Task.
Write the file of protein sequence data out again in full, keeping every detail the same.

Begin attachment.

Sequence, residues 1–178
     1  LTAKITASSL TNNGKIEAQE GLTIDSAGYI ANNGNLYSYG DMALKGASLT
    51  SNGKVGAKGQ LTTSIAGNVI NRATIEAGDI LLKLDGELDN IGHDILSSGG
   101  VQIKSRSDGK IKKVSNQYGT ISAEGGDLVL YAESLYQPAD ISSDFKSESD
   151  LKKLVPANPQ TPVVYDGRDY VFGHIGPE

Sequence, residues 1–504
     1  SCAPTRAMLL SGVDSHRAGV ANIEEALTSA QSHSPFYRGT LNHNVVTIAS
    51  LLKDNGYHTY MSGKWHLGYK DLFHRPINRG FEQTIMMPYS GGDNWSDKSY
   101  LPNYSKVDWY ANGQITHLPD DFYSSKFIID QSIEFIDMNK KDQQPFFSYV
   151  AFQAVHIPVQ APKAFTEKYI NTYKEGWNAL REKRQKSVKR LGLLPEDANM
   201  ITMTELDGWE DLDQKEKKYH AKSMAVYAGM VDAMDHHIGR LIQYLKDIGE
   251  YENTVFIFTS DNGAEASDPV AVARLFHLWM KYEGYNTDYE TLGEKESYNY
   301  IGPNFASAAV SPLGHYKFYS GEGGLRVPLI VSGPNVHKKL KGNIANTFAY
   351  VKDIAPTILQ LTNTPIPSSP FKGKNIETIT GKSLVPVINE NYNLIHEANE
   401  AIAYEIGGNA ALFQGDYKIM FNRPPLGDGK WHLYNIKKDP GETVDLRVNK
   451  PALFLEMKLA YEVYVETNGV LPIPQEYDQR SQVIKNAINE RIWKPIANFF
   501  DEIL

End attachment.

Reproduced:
Sequence, residues 1–178
     1  LTAKITASSL TNNGKIEAQE GLTIDSAGYI ANNGNLYSYG DMALKGASLT
    51  SNGKVGAKGQ LTTSIAGNVI NRATIEAGDI LLKLDGELDN IGHDILSSGG
   101  VQIKSRSDGK IKKVSNQYGT ISAEGGDLVL YAESLYQPAD ISSDFKSESD
   151  LKKLVPANPQ TPVVYDGRDY VFGHIGPE

Sequence, residues 1–504
     1  SCAPTRAMLL SGVDSHRAGV ANIEEALTSA QSHSPFYRGT LNHNVVTIAS
    51  LLKDNGYHTY MSGKWHLGYK DLFHRPINRG FEQTIMMPYS GGDNWSDKSY
   101  LPNYSKVDWY ANGQITHLPD DFYSSKFIID QSIEFIDMNK KDQQPFFSYV
   151  AFQAVHIPVQ APKAFTEKYI NTYKEGWNAL REKRQKSVKR LGLLPEDANM
   201  ITMTELDGWE DLDQKEKKYH AKSMAVYAGM VDAMDHHIGR LIQYLKDIGE
   251  YENTVFIFTS DNGAEASDPV AVARLFHLWM KYEGYNTDYE TLGEKESYNY
   301  IGPNFASAAV SPLGHYKFYS GEGGLRVPLI VSGPNVHKKL KGNIANTFAY
   351  VKDIAPTILQ LTNTPIPSSP FKGKNIETIT GKSLVPVINE NYNLIHEANE
   401  AIAYEIGGNA ALFQGDYKIM FNRPPLGDGK WHLYNIKKDP GETVDLRVNK
   451  PALFLEMKLA YEVYVETNGV LPIPQEYDQR SQVIKNAINE RIWKPIANFF
   501  DEIL